Then about three years ago, Ms. Briscoe saw an ad for a class on financial planning at a local community college taught by Cristina Acosta and Nancy Fromm, co-owners of Money Wise, a Scotts- dale, Ariz., firm that specializes in retirement income planning. She and her husband both attended and soon became clients.
"They spoke in plain English and offered a whole lot of information, not a sales pitch," Ms. Briscoe said.
The Briscoes now have a comfortable mix of liquid assets, mutual funds for growth, annuities to provide future income and a life insurance policy with a long-term care rider. With a goal of paying off their mortgage before retirement, the advisers suggested that Denise, a nurse, contribute only enough to her 401(k) to capture her employer match and redirect excess funds to reduce the mortgage balance. Meanwhile, Stephen, an advertising executive for a car dealership, would continue to fully fund his company retirement plan.
"Most clients come to us with a bunch of investments, but what they really need is a plan," Ms. Fromm said. "The No. 1 concern we hear, particularly from women, is how do I replace my paycheck?"
The Money Wise team typically creates an integrated plan that addresses investments, annuities, tax planning and health care, and outlines the need for various legal documents. They can refer clients to local attorneys and accountants.
They present the client's "life plan" in a three-ring binder so clients can see where their money is coming from and how long it is likely to last. And if assets fall short, the Money Wise advisers discuss alternatives such as working longer, delaying Social Security benefits, downsizing from a big home to something less expensive or taking out a reverse mortgage.
"Nancy and I have committed our practice to transforming the way women are treated in the financial services industry," Ms. Acosta said. To that end, the two advisers recently launched a new division, Woman's Worth. The marketing platform and coaching program is the brainchild of Jeannette Bajalia, a financial adviser based in Jacksonville, Fla. Ms. Fromm and Ms. Acosta are among the first dozen advisers taking the Woman's Worth concept nationwide.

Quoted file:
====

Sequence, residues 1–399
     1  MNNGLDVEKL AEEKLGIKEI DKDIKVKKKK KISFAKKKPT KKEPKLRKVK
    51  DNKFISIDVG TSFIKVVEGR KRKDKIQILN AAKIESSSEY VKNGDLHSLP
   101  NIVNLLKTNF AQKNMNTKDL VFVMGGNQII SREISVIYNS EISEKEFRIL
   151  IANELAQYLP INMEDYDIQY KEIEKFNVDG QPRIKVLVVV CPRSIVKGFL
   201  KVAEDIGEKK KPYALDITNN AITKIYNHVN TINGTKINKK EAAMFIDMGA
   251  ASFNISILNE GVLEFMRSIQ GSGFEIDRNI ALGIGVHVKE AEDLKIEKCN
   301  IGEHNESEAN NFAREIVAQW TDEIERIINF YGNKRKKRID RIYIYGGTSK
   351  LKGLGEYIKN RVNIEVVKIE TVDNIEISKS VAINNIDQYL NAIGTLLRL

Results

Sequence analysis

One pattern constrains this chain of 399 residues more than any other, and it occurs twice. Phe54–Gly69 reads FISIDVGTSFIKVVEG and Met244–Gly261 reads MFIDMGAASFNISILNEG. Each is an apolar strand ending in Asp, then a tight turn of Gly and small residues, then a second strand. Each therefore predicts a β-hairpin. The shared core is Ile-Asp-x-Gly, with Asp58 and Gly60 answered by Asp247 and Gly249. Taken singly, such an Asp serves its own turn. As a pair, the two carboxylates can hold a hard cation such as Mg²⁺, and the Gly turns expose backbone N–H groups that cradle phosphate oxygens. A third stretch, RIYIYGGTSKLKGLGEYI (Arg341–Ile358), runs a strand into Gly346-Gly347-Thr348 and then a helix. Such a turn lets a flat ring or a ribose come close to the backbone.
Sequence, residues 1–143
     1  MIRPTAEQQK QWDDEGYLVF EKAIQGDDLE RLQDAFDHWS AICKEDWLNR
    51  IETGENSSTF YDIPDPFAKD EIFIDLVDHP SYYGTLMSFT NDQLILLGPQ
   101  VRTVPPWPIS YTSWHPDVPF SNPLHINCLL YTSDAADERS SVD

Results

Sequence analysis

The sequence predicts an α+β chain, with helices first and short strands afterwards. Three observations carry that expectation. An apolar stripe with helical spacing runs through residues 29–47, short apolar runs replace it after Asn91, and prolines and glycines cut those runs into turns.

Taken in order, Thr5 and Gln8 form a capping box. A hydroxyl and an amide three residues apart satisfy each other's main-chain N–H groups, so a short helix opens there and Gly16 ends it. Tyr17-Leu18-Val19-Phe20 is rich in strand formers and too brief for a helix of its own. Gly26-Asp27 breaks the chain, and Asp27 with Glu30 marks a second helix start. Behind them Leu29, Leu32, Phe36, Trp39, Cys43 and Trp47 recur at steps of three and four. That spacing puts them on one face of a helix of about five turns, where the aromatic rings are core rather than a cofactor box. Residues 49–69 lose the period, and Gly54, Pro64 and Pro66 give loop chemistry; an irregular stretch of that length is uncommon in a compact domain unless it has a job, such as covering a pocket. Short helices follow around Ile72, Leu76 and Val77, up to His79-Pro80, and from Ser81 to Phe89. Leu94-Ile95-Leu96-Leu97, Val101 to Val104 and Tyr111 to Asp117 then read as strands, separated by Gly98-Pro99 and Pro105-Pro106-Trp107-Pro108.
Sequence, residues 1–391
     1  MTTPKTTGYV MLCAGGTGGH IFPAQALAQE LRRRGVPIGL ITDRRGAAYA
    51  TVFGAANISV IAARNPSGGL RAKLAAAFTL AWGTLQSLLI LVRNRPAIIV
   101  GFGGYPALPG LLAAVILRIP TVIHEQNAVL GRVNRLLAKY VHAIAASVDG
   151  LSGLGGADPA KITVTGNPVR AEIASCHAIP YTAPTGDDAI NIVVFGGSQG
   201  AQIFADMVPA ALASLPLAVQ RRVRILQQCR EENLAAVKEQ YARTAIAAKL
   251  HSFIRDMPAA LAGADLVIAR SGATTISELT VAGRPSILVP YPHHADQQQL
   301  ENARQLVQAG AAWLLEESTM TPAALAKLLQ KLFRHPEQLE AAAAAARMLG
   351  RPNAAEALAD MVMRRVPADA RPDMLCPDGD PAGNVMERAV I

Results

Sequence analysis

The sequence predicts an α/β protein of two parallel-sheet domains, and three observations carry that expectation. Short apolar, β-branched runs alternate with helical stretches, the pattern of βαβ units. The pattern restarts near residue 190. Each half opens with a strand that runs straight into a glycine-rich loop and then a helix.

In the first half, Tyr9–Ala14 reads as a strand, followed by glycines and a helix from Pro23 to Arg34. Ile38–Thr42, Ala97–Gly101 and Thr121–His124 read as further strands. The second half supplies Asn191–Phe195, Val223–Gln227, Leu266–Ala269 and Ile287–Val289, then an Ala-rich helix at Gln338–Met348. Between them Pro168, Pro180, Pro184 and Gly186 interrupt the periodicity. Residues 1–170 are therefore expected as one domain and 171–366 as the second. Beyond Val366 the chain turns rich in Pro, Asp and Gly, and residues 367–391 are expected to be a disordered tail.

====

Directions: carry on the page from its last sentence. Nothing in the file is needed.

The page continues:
"Most women don't care about investment returns," said Ms. Bajalia, who is also president and principal adviser of Petros Estate & Retirement Planning and author of "Retirement Done Right: Don't Just Invest … Plan." "They want safety, protection and predictability. Money is just a means to get that."
Ms. Bajalia said she generally meets with prospective clients three or four times to learn about them and their families, their goals and what keeps them up at night before discussing their finances and creating a comprehensive plan to address their needs.
"Jeannette not only wants to transform how women clients are treated by the financial services industry, but how female advisers are treated," Ms. Acosta said. "This is our time to shine."
While women may be naturally more nurturing and empathic, it doesn't mean that male advisers can't connect with female clients. They just have to try harder.
George McCuen, president of Napa Wealth Management in Napa, Calif., said the secret to his success with clients, particularly women, is he asks a lot of questions and listens intently to their answers. "My goal is to get to know what is important to them," he said.
'QUALITY OF LIFE'
"While men often want to talk about investment returns and how to beat the index, women tend to talk about quality of life and experiences they want to share, such as helping their children buy their first home or taking trips with their grandchildren," Mr. McCuen said. "Our investment discussions tend to be very short. We talk about how to get them to where they want to be with the minimum of risk."
For many women, improving their financial security begins at work. The Prudential Retirement income gender gap study suggests plan sponsors can make a significant difference in retirement outcomes by improving plan design and providing holistic financial wellness education. Adding an automatic enrollment feature has been proven to increase participation in workplace savings plans, particularly when paired with an automatic escalation feature that gradually increases contribution rates and the use of target-date funds as a default investment option to take advantage of diversification and rebalancing.
Interactive technology can help employees better understand their retirement needs, monitor their progress and learn how their retirement savings will translate into retirement income. As women tend to seek advice before making a decision, worksite-based counseling, whether in person, on the phone or via a video chat, can help improve retirement outcomes.
Just as past investment performance is no guarantee of future returns, the advice industry shouldn't rely on outdated business models to serve a new generation of women who control an increasing share of assets and who are not satisfied with the status quo.